Its always exciting when you’re in a trough bowl, the location where the average position of one of the four or five waves (troughs) around the globe are.  When you are in one of them,  as we are, they function like storm magnets for your location.  Individual storms head in your direction, usually from the west or northwest, “bottom” out in latitude, then “eject” out to the northeast.  Our wettest SPELLS are characterized by the positioning of the average or “mean” trough in our location (“trough bowl” its been called here).  Doesn’t mean that it rains everyday, but there always a new storm heading in your direction until the pattern changes and the “mean” trough moves somewhere else.

So, we got another rain chance on Wednesday, looks similar to this one, probably light, but then later, the models are suggesting a chance for more substantial rains associated with some very strong troughs that move in within the 10-15 day range, or from December  24-30th.  Check out the size of this big boy on the morning of December 25th at 5 AM AST compared to what is passing over us today.  Note how much farther off Baja the main, broad band of the jet stream is flow.

Valid, 5 PM AST, Christmas Eve. Look at the clustering of red lines in northern Mexico in this cropped version. This jndicates that the forecast of an upper trough in this area at that time is VERY likely, not certain, but I’d out money on it.

I wouldn’t bother getting you excited about something this far out unless there was some good support in the spaghetti. Below is a cropped version of that plot (the full one below), concentrating on our area.

Remember what Edward N. Lorenz, an MIT meteorologist asked in the title of a paper when he developed the chaos theory:  “Predictability: Does the flap of a butterfly’s wings in Brazil set off a tornado in Texas?” (Thanks to the AZ Star for publishing this quote recently.)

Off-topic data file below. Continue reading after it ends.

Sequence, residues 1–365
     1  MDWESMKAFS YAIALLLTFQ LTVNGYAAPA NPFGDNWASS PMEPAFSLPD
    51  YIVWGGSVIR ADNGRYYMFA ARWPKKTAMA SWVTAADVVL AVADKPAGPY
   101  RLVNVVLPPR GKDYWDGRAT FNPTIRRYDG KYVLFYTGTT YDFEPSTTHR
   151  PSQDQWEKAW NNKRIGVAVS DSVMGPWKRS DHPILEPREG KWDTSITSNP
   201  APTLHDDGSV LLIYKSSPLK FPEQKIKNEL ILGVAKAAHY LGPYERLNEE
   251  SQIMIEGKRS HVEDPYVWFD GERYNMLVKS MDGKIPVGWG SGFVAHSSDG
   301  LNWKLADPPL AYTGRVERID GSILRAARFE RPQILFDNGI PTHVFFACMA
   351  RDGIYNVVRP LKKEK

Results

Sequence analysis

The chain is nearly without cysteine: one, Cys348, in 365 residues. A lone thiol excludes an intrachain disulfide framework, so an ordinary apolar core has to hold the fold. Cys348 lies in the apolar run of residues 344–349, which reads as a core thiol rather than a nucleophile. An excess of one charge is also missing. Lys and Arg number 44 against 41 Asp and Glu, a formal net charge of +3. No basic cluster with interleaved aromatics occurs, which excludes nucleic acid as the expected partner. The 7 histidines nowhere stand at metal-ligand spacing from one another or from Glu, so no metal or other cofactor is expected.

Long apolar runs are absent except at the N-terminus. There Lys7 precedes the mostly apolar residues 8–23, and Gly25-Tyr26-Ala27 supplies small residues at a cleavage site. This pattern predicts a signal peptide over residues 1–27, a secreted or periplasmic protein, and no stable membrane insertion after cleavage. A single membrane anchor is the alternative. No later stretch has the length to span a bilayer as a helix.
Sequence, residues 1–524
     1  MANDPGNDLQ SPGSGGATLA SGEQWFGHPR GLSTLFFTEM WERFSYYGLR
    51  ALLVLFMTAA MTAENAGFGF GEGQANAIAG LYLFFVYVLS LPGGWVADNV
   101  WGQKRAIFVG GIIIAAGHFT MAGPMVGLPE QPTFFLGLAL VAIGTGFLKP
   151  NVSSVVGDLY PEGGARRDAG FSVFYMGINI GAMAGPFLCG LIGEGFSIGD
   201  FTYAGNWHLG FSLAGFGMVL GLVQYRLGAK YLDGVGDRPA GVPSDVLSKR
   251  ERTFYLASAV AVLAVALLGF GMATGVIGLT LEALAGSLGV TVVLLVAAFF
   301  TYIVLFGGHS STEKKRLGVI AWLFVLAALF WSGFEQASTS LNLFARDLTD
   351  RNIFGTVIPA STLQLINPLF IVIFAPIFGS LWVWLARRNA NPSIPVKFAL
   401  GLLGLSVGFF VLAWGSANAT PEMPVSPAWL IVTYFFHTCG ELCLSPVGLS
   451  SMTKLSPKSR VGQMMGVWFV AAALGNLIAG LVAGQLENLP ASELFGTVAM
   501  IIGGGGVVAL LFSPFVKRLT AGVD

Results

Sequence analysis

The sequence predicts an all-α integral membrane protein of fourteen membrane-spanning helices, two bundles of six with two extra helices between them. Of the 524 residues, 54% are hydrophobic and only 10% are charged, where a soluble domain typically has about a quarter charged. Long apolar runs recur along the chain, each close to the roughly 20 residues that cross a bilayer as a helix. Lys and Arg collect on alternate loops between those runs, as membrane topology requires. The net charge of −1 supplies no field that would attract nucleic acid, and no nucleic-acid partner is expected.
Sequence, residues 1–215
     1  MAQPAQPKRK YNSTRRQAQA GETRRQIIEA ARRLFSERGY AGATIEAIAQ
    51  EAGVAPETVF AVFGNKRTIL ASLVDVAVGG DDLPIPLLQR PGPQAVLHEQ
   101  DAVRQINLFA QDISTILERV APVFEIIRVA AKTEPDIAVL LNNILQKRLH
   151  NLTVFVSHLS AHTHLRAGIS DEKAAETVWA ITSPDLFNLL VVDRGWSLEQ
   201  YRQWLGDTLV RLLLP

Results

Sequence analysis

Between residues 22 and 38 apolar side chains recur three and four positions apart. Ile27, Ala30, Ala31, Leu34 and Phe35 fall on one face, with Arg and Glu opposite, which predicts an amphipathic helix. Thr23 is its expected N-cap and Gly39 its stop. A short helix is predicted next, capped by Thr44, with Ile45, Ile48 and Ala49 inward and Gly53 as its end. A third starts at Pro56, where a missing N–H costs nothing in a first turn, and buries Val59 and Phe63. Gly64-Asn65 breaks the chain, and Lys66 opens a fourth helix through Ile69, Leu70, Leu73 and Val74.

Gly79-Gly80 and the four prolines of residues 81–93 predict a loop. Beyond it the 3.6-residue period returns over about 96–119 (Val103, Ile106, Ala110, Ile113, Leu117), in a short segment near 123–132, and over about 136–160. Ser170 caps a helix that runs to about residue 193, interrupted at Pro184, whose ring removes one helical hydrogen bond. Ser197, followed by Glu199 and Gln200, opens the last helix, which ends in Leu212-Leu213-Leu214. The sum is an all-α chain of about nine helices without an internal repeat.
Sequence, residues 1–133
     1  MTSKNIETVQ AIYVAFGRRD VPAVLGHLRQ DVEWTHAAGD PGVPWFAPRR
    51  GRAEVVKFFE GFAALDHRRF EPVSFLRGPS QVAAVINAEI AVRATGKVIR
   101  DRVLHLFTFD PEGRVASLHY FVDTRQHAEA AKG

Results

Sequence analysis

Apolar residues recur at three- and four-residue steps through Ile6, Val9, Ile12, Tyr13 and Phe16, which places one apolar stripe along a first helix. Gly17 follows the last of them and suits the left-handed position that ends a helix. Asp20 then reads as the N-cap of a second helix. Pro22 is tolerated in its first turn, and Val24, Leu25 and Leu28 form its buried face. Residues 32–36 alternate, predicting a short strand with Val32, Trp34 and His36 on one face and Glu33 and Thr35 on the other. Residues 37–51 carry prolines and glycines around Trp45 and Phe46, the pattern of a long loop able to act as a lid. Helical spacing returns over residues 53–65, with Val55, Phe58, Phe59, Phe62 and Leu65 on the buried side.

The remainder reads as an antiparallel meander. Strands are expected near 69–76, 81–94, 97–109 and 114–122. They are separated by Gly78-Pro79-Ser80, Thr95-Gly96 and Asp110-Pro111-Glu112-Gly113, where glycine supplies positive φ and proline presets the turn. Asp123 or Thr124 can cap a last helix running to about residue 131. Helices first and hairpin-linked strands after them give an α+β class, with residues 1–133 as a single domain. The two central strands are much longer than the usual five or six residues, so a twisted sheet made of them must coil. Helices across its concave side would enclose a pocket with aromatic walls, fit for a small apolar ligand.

So, in doing these “ensembles”, that is, running the computer models over and over again with slight errors deliberately introduced to produce these differing sets of lines in our “spaghetti plots, we are trying to see how different a forecast will turn out, with, figuratively, “butterfly wings” flapping around that we don’t know about.

If the lines don’t change at all from the original model run using the data that came in, then the forecast will be realized as it was first presented.  If the lines look like a bowl of rubber bands (as they are below in the full plot for Christmas Eve), then the forecast is unreliable, subject to huge changes in time.  But, those red lines south of Arizona are well clustered, indicating, figurotively speaking, that no “butterfly” is going to change it.  So, troughs predicted in the actual run for that time period, are almost certainly going to verify.

In sum, watch for a stormy period around Christmas.

Finally, the end, I think.

Dark clouds but no rain yesterday. What happened?

Quick answer:  1) drops too small to coalesce and form ones bigger ones ; 2) no ice in ’em, for the most part.

Read below if you want a LONG discussion about yesterday; dull photos way below

Let’s talk about it, though probably more than you want to.  You’re probably a little down because it didn’t rain yesterday, hour and hour though it looked like it should, except for a couple of “sprinkles-its-not-drizzle” drops.    You probably had to use your headlights in the middle of the day like people in Seattle do.    It began to clear up some, gradually, in the afternoon. Here are a few of scenes below, beginning with the morning overcast, with the last two shots between 4 and 5 PM AST as the clearing was underway.

So, what kind of clouds are they?  Well, Stratocumulus in the first shot, in the second shot a higher layer of Altocumulus or water-topped Altostratus1 is underlain by Stratocumulus and Cumulus clouds  (when the bases are more isolated, we call them “Cumulus”;  when they are more connected together, we hedge the name toward “Stratocumulus”.)

The third shot, showing Stratocumulus looks particularly ominous, probably the darkest part of the daytime was here around noon AST.  A shot toward the mountains next shows the underlying Stratocumulus and Cumlus below the higher layer of Altocumulus/Altostratus.  These clouds can’t be “nimbo” this or “nimbo” that because there is no rain to speak of falling from them.  (“Nimbus” means rain in Latin.)  Note the good visibility under all of the clouds; no precip there.